Dell is adding to its growing enterprise services portfolio and announced Feb. 12 that the company is acquiring MessageOne, which provides managed services for e-mail management, archiving and business continuity.
Dell announced that it would acquire MessageOne, which is based in Austin, Texas, for $155 million in cash. The company is owned by Adam Dell, the brother of Michael Dell.
Since returning to the CEO post in 2007, Michael Dell has looked to expand Dell's list of services for its enterprise customers, an area where the company had lagged behind such industry heavyweights as Hewlett-Packard and IBM.
Dell has added to its portfolio mostly through acquisitions of smaller companies. For example, in November Dell purchased Everdream, another SAAS (software as a service) provider that offers remote server management tools.
With MessageOne, Dell is adding a provider of a number of services to help manage a company's e-mail, including archiving, disaster recovery, compliance and long-term storage of e-mail. In addition to enterprise, the acquisition will allow Dell to offer managed services to SMBs (small and midsized businesses), which lack the IT resources to manage employee e-mail.
"MessageOne's offerings add key capabilities to our growing SAAS-enabled services portfolio for the most critical application to businesses of any size - e-mail," Steve Schuckenbrock, president of Dell Global Services, said in a statement. "MessageOne's services not only meet the needs of large companies... but can also scale down cost effectively to meet the needs of small and medium business customers."
While Dell has been building up its services division for some time, the company also appears to have seen the SAAS market, especially information management, growing in importance in recent months and felt now was the time to become more involved, said Stephanie Balaouras, principal analyst with Forrester Research.
In just the past few months, companies such as Iron Mountain have begun to build out their SAAS offerings, while Seagate, EMC and IBM have purchased smaller companies to help boost their own portfolios.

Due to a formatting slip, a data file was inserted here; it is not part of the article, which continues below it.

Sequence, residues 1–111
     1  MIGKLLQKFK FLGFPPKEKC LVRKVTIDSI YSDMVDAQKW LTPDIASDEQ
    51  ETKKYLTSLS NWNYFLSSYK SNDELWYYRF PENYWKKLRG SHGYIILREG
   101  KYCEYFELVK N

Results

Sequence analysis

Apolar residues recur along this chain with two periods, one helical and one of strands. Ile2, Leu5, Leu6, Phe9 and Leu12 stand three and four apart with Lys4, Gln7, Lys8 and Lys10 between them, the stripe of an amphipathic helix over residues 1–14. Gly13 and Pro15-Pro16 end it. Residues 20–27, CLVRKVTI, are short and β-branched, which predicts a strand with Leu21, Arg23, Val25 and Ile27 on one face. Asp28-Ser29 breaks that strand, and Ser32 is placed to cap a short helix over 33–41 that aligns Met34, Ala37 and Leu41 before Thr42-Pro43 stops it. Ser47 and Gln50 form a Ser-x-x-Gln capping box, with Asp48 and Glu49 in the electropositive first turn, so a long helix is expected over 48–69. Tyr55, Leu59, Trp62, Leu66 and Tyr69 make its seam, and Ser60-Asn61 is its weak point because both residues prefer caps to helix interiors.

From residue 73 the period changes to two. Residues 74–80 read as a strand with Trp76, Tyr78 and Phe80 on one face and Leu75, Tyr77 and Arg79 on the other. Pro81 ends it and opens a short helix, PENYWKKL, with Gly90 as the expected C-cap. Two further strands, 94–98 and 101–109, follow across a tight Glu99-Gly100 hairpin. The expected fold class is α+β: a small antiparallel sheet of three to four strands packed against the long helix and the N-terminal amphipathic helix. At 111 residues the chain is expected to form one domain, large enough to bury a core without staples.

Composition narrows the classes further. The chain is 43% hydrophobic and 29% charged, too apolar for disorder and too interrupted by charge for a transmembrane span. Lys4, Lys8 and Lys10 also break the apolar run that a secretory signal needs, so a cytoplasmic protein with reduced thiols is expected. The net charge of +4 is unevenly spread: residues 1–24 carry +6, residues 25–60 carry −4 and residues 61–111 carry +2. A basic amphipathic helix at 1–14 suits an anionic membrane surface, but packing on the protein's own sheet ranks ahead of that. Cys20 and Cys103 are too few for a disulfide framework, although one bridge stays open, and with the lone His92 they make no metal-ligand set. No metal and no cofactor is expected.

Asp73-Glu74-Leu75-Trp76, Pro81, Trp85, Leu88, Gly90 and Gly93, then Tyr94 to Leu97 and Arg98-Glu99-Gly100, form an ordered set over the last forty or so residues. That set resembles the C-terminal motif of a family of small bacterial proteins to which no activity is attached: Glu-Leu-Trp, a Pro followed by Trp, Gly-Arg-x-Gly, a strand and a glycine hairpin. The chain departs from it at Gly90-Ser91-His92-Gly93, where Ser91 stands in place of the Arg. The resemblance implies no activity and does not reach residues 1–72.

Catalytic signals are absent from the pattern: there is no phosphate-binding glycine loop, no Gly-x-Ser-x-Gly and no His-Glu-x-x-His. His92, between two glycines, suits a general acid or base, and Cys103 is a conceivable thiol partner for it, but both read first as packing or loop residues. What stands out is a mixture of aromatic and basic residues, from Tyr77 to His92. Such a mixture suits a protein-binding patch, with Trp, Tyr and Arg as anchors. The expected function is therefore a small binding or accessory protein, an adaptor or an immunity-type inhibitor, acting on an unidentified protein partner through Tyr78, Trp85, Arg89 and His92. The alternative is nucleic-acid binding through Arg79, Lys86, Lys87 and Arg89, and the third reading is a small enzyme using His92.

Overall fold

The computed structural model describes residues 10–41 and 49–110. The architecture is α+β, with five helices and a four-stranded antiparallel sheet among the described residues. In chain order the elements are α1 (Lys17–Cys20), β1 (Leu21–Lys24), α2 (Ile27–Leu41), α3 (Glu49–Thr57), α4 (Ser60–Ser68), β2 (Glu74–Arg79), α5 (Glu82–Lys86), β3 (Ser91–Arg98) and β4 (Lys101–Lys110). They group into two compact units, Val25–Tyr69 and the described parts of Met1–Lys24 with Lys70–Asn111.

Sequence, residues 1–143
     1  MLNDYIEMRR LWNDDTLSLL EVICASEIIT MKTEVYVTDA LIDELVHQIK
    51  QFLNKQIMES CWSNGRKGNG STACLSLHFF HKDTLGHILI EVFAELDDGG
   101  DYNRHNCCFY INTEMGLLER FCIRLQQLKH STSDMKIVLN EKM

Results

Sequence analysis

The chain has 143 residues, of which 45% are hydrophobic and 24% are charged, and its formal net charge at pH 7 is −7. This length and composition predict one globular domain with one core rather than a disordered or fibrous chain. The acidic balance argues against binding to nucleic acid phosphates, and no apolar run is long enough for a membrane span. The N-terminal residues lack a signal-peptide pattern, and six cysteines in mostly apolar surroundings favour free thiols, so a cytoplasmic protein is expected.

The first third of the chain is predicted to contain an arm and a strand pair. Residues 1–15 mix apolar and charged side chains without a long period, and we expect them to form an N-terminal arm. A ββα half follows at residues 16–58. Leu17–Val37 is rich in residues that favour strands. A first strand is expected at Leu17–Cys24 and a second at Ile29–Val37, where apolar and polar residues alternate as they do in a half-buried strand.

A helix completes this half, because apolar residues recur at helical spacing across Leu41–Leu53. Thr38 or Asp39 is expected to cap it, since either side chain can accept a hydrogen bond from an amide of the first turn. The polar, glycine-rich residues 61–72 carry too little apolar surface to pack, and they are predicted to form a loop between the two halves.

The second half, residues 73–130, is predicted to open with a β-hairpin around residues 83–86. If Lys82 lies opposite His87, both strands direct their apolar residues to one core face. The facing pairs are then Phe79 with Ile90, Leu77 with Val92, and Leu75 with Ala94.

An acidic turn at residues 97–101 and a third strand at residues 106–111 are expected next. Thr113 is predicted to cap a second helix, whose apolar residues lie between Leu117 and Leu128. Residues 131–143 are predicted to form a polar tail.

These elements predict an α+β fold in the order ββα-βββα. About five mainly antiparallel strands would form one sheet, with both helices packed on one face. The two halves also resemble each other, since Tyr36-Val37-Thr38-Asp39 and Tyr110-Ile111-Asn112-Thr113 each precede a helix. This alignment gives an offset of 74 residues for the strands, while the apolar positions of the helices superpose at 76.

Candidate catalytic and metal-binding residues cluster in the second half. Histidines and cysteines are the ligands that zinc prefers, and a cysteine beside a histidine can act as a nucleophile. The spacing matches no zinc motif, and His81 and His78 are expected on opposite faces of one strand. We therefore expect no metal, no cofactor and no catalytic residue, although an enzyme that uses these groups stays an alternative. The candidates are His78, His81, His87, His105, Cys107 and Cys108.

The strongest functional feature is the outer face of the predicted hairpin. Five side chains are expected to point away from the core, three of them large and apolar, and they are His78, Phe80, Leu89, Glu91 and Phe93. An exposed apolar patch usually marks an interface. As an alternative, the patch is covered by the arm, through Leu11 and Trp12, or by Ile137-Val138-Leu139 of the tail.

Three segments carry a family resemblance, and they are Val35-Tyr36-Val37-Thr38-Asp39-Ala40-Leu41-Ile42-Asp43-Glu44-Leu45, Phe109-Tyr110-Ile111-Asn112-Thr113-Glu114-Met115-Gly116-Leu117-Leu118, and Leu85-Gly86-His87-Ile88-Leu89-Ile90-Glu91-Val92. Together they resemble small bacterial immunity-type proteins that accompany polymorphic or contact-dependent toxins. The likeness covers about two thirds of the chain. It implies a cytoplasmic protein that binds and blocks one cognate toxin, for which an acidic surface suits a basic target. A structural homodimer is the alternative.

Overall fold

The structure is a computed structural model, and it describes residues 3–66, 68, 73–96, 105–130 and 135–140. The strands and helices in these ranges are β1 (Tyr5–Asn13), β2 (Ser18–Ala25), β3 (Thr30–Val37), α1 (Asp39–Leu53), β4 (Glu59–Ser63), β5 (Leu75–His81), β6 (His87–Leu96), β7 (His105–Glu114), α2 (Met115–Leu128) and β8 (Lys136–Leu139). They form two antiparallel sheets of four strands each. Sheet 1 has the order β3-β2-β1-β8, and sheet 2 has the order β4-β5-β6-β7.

"Dell didn't want to be left behind in this new market place," Balaouras told eWEEK. "Right now, you have a market that is starting to mature around information management, online backup, achieving and advanced recovery services."
Balaouras believes that Dell is looking to create a SAAS portfolio that appeals mostly to enterprise customers, although midmarket remains a possibility, which offers a wide range of services and one-stop shopping for buyers. Balaouras does not believe that Dell's acquisition of MessageOne is a counter to Google's hosted e-mail services, which target the very low end of the SMB market.
"Dell has always done well in the SMB market and I think this acquisition helps in the enterprise market and gives them a slightly higher-end offering, which looks to be the first of many SAAS offerings," said Balaouras. "Dell is targeting people [who] want a portfolio of offerings and not just looking for a one-off provider."
The boards of both companies have accepted the deal, although Dell, which is headquartered in Round Rock, Texas, did not give a specific time frame for when the MessageOne acquisition will be finalized.
Since MessageOne is owned by Adam Dell and other members of the Dell family were active in the partnerships that controlled the company, Michael Dell was "excluded from negotiating acquisition terms and from all aspects of the decision-making process," according to a statement.